Misdemeanor Hit & Run

A misdemeanor hit-and-run in Nevada is when a driver causes property damage and leaves the scene without taking the proper legal steps. The crime is punishable by $1,000 in fines and/or up to six months in jail. In addition, the convicted driver will receive six demerit points to their driver’s license. If the driver accrues 12 or more points in one year, the DMV will suspend their license for six months.

What To Do During An Accident Involving Property

If a driver hits unattended property, such as a fence or car, they must immediately park and try to find the property owner. If they’re unable to find the owner, they must leave a note in a visible location with their name (or vehicle owner’s name if they’re not the owner) and their address.

If the property damage amount is $750 or more, the driver must notify Metro Las Vegas police. If police arrive at the scene and file an accident report, the driver doesn’t need to file a report. But if police do not arrive at the scene and file a report, then the driver has 10 days from the date of the accident to submit a Nevada DMV SR-1 accident report.

If the accident incapacitates the driver, they aren’t required to file a report until they are physically able to do so. If the driver is incapacitated and doesn’t own the vehicle, then the vehicle owner is required to file the report within 10 days of learning about the accident.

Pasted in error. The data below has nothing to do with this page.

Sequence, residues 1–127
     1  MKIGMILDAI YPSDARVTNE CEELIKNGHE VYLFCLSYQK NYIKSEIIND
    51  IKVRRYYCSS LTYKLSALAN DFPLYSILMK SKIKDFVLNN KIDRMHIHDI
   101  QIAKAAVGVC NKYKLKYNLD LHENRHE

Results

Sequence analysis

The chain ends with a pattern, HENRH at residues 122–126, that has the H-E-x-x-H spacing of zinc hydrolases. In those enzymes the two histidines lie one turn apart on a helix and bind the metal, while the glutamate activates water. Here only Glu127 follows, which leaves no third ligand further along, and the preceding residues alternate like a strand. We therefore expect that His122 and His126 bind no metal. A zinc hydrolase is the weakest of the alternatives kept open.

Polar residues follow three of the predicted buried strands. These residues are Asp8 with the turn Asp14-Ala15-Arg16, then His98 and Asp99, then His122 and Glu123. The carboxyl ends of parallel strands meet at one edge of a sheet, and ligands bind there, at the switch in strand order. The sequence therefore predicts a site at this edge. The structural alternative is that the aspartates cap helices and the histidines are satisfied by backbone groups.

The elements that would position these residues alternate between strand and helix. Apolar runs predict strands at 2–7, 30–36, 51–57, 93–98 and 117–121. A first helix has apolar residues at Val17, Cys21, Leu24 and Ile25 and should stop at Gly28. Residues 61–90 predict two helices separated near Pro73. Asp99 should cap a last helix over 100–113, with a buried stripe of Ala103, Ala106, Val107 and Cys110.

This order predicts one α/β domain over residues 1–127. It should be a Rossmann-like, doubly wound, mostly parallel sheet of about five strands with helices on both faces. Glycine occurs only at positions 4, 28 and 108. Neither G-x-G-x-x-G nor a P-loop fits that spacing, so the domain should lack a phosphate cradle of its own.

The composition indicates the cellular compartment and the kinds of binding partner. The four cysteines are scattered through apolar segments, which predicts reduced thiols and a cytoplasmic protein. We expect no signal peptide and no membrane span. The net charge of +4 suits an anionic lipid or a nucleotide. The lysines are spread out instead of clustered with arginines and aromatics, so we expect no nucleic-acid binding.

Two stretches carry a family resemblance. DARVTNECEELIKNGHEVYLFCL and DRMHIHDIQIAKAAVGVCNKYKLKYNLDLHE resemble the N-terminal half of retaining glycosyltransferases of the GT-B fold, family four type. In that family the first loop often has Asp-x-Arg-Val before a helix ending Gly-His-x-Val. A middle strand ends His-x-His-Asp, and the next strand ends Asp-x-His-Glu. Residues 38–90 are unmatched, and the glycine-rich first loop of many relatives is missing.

In Nevada, failing to file an accident report will result in a license suspension of up to one year. Filing a false report is a gross misdemeanor and is punishable by up to 364 days in jail and/or up to $2,000 in fines.

How a Defense Attorney May Fight Misdemeanor Hit & Run Charges

The arguments presented by a defense lawyer in misdemeanor hit-and-run cases will vary, depending on the details of the accident. However, a few common scenarios that can help reduce or dismiss charges include:

  1. The defendant wasn’t involved in an accident and therefore had no obligation to stop.
  2. The defendant wasn’t aware they were involved in an accident.
  3. The defendant sufficiently fulfilled all legal obligations at the scene of the accident.
  4. The defendant was too incapacitated to stop and exchange information.

A typical hit-and-run case is built using evidence from traffic surveillance footage, GPS car data, eyewitness accounts, and smartphone videos from people at the scene. An experienced defense attorney will carefully review the evidence and identify the best strategy for reducing or dismissing charges.

Why Call Moskal Law

Thomas Moskal served as Chief Deputy District Attorney for Clark County’s Vehicular Crimes Unit for seven years, trying a variety of criminal cases. He has seen defense attorneys mishandle hit-and-run cases and knows what it takes to defend a client in these situations. If you’re facing misdemeanor hit-and-run charges, call Moskal Law today to schedule an appointment. You deserve legal representation you can count on.

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